Dawla and Leviathan: Ibn Khaldun and Hobbes in Defense of State Authority

Alexander Orwin


Ibn Khaldun and Thomas Hobbes both present the pre-political state as characterized by intolerable violence, and view the establishment of a strong political authority as the best hope of stability. Yet they differ in tracing the origin of this authority. For Hobbes, sovereignty arises due to universal consent and agreement inspired by a collective desire for peace, while for Ibn Khaldun it is consolidated only through the overwhelming power of a tribal feeling known as asabiyya. Modern politics inevitably combines the emphasis on popular consent and law so characteristic of Hobbes, and the tribal feeling, patronage, and special interests so characteristic of Ibn Khaldun.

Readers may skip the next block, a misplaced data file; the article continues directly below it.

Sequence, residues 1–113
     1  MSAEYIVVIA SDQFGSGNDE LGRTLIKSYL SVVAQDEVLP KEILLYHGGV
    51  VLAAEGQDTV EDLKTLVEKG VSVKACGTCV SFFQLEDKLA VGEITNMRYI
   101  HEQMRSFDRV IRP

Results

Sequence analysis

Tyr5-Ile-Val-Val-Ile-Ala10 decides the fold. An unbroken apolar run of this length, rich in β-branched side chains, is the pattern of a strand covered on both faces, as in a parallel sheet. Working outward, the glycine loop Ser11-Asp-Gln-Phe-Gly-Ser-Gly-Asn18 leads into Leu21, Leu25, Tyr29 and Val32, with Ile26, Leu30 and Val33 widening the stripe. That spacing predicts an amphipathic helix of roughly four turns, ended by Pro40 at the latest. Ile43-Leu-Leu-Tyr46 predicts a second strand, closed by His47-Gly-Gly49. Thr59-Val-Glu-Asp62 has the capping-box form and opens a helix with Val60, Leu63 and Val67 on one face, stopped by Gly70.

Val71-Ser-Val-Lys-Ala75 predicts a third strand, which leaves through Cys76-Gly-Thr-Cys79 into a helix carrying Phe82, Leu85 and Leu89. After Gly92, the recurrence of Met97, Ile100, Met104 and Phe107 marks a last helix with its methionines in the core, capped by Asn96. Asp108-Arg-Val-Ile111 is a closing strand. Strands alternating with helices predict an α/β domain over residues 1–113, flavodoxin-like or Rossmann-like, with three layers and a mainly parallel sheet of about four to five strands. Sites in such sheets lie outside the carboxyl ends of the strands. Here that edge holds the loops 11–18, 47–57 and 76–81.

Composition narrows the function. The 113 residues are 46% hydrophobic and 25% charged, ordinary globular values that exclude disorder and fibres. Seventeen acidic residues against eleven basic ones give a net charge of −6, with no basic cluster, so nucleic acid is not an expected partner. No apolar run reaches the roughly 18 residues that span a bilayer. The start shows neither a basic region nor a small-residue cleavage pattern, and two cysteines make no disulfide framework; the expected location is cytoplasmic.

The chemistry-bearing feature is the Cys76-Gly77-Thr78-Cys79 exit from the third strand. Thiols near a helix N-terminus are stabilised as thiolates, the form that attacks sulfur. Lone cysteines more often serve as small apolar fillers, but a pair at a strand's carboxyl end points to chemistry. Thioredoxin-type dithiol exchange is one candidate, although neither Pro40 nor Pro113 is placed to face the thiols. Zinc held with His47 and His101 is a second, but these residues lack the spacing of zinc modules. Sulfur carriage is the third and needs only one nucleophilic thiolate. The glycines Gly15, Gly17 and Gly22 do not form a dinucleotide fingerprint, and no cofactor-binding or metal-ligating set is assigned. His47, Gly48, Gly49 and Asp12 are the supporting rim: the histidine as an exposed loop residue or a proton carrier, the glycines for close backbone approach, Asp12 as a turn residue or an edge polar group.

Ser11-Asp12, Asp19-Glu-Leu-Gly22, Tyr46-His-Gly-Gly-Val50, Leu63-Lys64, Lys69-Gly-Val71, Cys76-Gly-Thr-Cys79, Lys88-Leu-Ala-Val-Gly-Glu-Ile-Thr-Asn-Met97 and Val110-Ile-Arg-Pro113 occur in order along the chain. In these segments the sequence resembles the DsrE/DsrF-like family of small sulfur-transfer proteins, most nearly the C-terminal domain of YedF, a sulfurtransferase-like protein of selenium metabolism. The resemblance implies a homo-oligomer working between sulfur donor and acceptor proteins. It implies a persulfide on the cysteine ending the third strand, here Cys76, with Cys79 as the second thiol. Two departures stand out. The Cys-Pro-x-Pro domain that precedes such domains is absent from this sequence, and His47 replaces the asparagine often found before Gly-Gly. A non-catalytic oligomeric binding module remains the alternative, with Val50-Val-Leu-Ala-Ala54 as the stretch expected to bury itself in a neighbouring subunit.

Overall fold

Anahtar Kelimeler

Politics, Royal Authority, Asabiyya, Domination, Consent

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DOI: https://dx.doi.org/10.36657/ihcd.2018.35

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